Occasional thoughts from a young adult reveling in the messiness of life.
This post started out differently. I was planning to write a rather provocative post entitled “10 Reasons I’m Glad I Didn’t Grow Up in Church.” But as I stared at the page in front of me, it just stared back at me–blank.
This was a bit concerning, seeing as how I’ve said rather brazenly many times that, even though I’m heavily involved in it now, I’m happy that I wasn’t raised in church.
But in trying to put together a list of 10 reasons to support that statement, I found myself more able to list out things that made it hard not being raised in church.
It was hard listening to my friends talk about the cool things they learned and did at church, as I could neither understand, nor relate to, most of what they were saying.
It was hard listening to them sing their church songs on the bus, as I couldn’t sing along because I didn’t know the words.
It was hard hearing about “First Priority” meetings at the flag pole in the mornings and “Young Life” meetings at people’s houses at night, as I never knew how to get “in.”
It was hard asking my mom if I could go to the church that all my friends went to, only to have her say “no,” as their church wasn’t a part of “our” denomination…whatever that was.
It was hard to get in a prayer circle before marching my first halftime show as a majorette, as I was the only one who didn’t know “The Lord’s Prayer.”
Even though the church void was quite palpable at times, that was more the exception than the rule for me. I had a wonderful childhood and great upbringing. My parents stayed married, and I didn’t want for much. I danced, I twirled, I swam and I did arts and crafts. My parents instilled strong morals in me and worked diligently to help me build my character. And they showered me with love.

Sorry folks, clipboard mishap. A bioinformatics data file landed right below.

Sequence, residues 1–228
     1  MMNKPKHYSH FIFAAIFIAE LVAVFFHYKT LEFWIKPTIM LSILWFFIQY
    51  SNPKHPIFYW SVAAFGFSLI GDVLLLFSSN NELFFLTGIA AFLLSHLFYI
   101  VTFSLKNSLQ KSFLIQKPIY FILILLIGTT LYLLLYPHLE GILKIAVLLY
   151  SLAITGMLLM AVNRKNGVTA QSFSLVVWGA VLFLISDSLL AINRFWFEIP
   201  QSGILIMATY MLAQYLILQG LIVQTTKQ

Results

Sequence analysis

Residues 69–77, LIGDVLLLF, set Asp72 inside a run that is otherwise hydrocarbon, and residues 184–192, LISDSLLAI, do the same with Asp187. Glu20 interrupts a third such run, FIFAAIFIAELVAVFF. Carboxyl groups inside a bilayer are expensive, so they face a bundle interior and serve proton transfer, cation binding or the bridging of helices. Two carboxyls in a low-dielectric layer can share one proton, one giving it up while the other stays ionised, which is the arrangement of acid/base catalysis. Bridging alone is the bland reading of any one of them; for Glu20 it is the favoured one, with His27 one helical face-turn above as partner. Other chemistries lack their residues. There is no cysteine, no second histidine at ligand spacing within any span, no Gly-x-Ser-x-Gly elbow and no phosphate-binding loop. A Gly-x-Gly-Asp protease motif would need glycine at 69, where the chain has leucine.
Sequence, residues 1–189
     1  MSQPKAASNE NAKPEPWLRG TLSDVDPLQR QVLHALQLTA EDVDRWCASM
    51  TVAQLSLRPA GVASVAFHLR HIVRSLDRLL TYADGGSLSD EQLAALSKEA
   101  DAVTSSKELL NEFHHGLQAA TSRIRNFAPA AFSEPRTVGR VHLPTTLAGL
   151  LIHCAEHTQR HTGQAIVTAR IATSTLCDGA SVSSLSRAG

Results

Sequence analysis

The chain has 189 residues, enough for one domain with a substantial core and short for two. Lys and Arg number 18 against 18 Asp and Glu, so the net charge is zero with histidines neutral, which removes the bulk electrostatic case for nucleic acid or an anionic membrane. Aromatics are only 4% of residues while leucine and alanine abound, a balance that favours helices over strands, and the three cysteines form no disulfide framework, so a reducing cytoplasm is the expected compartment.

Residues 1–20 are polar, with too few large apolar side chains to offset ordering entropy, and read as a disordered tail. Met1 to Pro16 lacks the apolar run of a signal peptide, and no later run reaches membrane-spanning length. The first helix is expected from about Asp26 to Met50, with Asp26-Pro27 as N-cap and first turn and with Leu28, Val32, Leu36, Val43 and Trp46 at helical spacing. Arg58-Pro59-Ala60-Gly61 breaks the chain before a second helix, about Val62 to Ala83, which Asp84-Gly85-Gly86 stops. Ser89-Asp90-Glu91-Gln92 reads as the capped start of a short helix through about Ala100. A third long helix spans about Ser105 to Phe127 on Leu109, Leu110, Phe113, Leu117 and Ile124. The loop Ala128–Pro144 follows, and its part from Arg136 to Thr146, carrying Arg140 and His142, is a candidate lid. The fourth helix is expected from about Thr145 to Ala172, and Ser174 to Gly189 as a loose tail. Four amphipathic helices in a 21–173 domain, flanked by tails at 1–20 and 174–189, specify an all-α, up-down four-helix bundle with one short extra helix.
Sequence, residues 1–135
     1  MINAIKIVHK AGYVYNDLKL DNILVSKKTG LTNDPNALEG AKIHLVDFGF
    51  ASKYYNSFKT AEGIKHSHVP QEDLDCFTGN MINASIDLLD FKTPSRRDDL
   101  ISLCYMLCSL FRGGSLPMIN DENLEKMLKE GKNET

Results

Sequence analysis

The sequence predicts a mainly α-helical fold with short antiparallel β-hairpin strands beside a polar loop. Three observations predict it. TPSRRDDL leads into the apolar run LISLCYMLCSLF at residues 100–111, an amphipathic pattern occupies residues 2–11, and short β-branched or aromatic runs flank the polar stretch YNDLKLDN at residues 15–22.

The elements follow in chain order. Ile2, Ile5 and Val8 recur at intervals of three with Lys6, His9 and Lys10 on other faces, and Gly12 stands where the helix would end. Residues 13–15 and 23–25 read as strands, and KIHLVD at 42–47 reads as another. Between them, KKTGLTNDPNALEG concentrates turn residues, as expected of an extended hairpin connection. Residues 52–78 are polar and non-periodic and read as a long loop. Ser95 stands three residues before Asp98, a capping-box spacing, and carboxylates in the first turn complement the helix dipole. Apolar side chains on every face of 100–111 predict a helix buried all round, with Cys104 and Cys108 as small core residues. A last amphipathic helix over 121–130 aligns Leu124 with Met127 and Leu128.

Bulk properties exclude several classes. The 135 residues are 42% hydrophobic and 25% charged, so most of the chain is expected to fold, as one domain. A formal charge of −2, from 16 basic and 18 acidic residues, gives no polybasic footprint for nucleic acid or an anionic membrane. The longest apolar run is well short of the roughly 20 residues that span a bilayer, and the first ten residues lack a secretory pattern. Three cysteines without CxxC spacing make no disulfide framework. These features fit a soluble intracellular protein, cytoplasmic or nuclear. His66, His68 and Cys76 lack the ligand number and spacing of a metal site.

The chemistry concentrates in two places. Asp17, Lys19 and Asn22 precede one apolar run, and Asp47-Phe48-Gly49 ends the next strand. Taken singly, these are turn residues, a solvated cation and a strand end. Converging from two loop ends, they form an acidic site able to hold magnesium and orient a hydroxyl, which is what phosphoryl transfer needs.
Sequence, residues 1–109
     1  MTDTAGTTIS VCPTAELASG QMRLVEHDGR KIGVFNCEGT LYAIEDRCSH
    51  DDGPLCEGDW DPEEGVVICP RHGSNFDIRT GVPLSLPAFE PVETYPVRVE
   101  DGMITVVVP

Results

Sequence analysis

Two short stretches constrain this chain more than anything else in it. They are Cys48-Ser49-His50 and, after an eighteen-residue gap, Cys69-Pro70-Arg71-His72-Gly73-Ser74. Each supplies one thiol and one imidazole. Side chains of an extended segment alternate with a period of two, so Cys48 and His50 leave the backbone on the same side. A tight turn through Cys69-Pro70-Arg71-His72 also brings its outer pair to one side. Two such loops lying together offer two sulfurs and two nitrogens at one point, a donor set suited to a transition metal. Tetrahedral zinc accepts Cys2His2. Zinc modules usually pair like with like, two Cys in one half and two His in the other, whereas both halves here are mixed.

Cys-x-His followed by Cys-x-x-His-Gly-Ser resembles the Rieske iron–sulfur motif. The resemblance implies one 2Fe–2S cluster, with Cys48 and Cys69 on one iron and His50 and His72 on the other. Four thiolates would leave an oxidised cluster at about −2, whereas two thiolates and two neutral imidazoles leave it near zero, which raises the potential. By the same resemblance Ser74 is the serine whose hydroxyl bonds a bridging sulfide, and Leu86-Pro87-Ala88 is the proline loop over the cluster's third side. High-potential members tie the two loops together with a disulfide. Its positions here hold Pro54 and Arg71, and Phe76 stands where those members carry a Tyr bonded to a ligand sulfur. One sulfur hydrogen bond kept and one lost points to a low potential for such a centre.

I truly loved my life. I loved who I was, and I love the person I turned out to be. That’s part of what kept me from going back to church for so long–I was afraid that it would change the me I loved so much. But being able to find my way back to church on my own time and in my own way as an adult turned out to be a good thing. It did–and continues to–change me, but in more awe-inspiring ways than I ever thought possible. And, I actually believe my upbringing serves to strengthen my faith today.
Looking back, I see that my mom was right to not let me go to church with my friends, as it wouldn’t have been the best fit. I am now–as I apparently have always been–an Episcopalian, and I love the way we see, seek and experience God.
So here’s where I’ve landed: it’s not that I’m happy that I didn’t grow up in church (nor am I unhappy about it). I’m simply grateful that I was able to get to where I am now on my spiritual journey despite not being brought up in church.
We each have our own paths to travel, and I can only be thankful for the one that I have followed.